Raise Your Hand If You Feel Like An Imposter In Your Own Life

by Trish

in Create Now! Revolution, Reframe Your Possibilities, writing


Photo credit: Danielle Laporte

I think something that successful creatives can agree on: no matter how many books we’ve published or art pieces we’ve sold, or how successful of an Etsy shop we have, there’s still a piece of us that wonders if we’re just winging it.

I’m taking a deep breath and raising my hand too.

I think when we all started on this creative journey, BEFORE we had any books published, or art sold, or Etsy shop, we were SO DANG LUCKY.

And naive.

Thank goodness.

Naivete is nectar of the gods, because as we all know, just because you have some success, doesn’t mean you suddenly are skipping down the yellow brick road alongside Dorothy and Toto.

Why is it so hard for successful creatives (published writers, professional artists, solopreneurs who make money from what they make with their own hands) to believe they will be successful again?

This is the million-dollar question.

I wish someone would just tell us and we could quit feeling like imposters.

If only it were that easy.

We know that other people’s opinions of us are only going to get us so far. Like a grandma in a motorized wheelchair-scooter who is not in a hurry, that’s how far.

Bump into said granny in a wheelchair-scooter while riding your skateboard?

That’s the power we need, folks. That’s our rocket engines firing.

Mad granny chasing after a kid on a skateboard! Watch out, kid!

That’s how far we can get when we accept that we just might belong.

If I were that skateboard kid, I would be feeling so afraid for my safety and wishing I had left the little old lady alone!

So, here’s a few thoughts about recognizing imposter syndrome and what do to about it.

When does imposter syndrome show up?

Imposter syndrome lives in our expectations.

Say, you expect to revise a manuscript this coming week. You anticipate it to be easy. You even tell yourself (and others), “I’ve got this.”

And then when you sit down to revise, you realize it’s not as easy as you originally thought and while you had a plan, you now are not sure it’s the greatest plan, or you’re not exactly sure how this “plan” will come about.

Or, say you have a hard time at your significant other’s office party each year because you don’t get all the corporate slang and the idea that quarterly earning reports are interesting make you wonder why you’re even there.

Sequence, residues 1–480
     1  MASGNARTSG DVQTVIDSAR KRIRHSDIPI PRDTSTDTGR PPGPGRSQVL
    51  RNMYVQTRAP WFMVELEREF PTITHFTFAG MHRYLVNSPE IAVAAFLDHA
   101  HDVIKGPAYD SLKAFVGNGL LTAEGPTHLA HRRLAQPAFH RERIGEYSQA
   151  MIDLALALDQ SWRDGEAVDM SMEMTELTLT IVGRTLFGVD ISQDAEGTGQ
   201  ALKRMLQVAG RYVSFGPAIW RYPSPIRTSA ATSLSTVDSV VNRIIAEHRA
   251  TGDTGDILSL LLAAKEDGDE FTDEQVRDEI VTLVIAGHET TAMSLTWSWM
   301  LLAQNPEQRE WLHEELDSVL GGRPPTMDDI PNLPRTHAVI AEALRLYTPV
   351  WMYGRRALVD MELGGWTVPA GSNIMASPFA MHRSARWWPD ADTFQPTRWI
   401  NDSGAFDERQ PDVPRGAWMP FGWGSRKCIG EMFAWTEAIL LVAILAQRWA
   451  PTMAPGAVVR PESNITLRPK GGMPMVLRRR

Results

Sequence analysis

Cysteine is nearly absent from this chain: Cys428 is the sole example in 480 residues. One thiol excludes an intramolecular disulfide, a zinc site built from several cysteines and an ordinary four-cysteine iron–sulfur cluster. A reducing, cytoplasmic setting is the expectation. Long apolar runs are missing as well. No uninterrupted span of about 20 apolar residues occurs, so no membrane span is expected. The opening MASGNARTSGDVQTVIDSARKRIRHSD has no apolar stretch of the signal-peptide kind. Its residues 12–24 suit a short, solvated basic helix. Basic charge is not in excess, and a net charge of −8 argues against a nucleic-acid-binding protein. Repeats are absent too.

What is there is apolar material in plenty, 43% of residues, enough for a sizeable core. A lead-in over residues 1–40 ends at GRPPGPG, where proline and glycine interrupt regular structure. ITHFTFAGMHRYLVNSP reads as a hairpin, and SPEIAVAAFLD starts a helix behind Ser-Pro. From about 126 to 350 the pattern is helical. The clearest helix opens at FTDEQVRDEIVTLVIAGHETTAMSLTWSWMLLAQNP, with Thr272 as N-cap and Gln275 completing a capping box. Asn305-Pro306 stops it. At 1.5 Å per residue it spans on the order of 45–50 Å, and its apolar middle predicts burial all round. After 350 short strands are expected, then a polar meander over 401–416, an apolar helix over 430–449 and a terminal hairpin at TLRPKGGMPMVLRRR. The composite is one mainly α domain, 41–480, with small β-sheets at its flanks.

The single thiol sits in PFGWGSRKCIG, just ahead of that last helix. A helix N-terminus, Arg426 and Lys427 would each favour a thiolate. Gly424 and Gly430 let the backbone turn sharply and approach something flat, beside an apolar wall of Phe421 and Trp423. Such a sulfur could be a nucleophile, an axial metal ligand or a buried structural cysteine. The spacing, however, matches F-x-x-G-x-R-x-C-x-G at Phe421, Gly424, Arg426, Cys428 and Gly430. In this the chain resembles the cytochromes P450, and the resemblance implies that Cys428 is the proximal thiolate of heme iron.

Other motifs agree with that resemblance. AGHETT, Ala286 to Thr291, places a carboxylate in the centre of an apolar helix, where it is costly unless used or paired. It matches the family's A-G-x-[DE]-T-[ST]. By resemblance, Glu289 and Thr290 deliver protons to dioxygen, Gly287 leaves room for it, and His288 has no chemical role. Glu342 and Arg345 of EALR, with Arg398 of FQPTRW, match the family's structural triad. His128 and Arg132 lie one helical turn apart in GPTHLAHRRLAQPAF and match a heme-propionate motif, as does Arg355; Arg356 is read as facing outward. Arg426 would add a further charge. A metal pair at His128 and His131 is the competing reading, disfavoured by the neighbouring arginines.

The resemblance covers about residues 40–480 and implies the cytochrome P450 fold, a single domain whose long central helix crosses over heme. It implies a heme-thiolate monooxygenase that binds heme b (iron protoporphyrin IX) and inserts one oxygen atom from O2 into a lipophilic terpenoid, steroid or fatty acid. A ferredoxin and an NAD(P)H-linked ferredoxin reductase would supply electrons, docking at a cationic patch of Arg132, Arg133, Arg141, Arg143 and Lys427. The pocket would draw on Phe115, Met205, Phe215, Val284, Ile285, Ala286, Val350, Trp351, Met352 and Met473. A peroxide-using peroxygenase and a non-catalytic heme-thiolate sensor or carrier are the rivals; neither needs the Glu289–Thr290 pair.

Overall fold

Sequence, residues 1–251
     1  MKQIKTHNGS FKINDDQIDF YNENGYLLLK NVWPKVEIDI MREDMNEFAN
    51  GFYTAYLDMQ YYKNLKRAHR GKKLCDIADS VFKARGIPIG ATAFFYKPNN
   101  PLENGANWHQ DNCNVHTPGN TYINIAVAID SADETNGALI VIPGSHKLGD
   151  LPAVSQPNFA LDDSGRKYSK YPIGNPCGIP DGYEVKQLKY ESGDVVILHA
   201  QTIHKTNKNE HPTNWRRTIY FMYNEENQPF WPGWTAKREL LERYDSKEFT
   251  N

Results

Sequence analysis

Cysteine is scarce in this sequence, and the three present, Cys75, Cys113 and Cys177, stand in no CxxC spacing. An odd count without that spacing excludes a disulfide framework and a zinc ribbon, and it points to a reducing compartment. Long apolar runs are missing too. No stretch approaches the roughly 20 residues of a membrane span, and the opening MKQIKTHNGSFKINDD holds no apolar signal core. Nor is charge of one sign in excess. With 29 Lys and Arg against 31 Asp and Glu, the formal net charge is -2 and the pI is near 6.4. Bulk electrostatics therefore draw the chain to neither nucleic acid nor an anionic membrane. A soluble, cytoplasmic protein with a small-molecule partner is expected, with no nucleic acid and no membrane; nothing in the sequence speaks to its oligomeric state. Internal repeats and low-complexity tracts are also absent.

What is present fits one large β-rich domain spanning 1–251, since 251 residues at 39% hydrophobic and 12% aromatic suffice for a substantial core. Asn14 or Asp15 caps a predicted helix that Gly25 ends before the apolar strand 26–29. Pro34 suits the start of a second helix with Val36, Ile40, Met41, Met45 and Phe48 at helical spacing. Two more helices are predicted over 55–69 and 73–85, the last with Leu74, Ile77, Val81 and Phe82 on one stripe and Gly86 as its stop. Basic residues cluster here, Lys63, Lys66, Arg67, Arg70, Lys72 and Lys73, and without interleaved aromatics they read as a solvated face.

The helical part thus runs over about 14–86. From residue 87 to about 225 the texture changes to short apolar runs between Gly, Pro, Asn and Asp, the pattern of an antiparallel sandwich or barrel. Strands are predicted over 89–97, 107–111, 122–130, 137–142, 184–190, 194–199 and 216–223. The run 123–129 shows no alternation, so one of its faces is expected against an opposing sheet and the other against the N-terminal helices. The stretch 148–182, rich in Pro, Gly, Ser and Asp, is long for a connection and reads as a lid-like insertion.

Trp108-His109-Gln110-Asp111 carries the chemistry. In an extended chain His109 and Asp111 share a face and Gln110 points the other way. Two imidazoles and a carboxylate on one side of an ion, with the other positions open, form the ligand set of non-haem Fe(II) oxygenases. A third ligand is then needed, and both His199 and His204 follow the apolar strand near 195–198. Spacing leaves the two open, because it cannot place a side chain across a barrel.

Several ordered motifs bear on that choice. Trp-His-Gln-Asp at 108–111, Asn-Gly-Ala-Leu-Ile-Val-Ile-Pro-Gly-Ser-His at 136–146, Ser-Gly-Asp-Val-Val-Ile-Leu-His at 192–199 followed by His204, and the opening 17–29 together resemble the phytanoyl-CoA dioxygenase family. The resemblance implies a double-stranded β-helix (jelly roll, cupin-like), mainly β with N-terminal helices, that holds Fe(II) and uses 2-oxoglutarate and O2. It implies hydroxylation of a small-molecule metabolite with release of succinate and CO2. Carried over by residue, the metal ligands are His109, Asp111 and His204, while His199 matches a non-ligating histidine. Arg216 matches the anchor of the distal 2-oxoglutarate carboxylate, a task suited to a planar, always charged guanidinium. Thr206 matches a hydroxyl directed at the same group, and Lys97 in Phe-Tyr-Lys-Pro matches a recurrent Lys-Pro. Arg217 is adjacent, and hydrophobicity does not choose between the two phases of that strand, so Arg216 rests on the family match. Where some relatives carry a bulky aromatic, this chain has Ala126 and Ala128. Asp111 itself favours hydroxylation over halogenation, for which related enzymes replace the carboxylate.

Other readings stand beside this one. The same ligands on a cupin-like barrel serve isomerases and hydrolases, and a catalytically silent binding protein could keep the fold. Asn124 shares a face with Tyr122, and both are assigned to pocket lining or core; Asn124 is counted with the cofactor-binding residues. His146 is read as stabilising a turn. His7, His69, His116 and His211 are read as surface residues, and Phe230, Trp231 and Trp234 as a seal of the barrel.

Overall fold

Or you show up at a creative function and you just can’t bear the thought of rubbing shoulders with other “more famous” creatives.

It’s all about expectations.

You “expect” a revision plan to work. And it has to work flawlessly. When it doesn’t, you doubt your place doing it.

You “expect” that you will be the odd person out at a corporate party. You don’t expect to run into other “closeted creatives” there, because they are all nursing their half-sipped wine glass too and trying not to stand out at all. Because you don’t know they are also there, you feel like crawling into a heating duct to hide.

You “expect” that you will be the least successful creative at this event and that everyone will know it. As if you have a poster board around your neck that lists all your sales figures for books/art/made products. Because you feel so conspicuous as “not successful enough” and you are RECITING your sales figures to yourself, you seem distant, not really listening, lost in your own head.

Think about this. Everyone is an imposter at one time of their life or another. We won’t ever completely fit in or wonderfully revise or be able to stay with creatives at our level every single time. There’s a reason for all this discomfort, a reason for the expectations.

We’re upleveling.

Urban Dictionary defines upleveling like this: “To transform and grow in an area previously stagnant.”


Even the word stagnant hurts me a little.

So I am an imposter. I AM!

This proves it.

Why do I have to uplevel anyway?

You don’t. But it’s not a conscious thing. You will uplevel even if you’re not paying attention.

Suddenly, your spouse’s boss comes over and asks you about your art show in a month. You stare at her, shocked. “How did you know?” She replies that your partner told her, and that she’d like to come. She ends up BUYING two of your pieces.

Suddenly, as you’re sitting and staring at a giant corkboard full of notecards, which in the future will be a finished book, even if you can’t quite see it yet, you decide to check Facebook, and lo and behold, a story on the news flashes by on your newsfeed and it solves the missing plot hole. Your cards rearrange themselves it seems, and you’re there.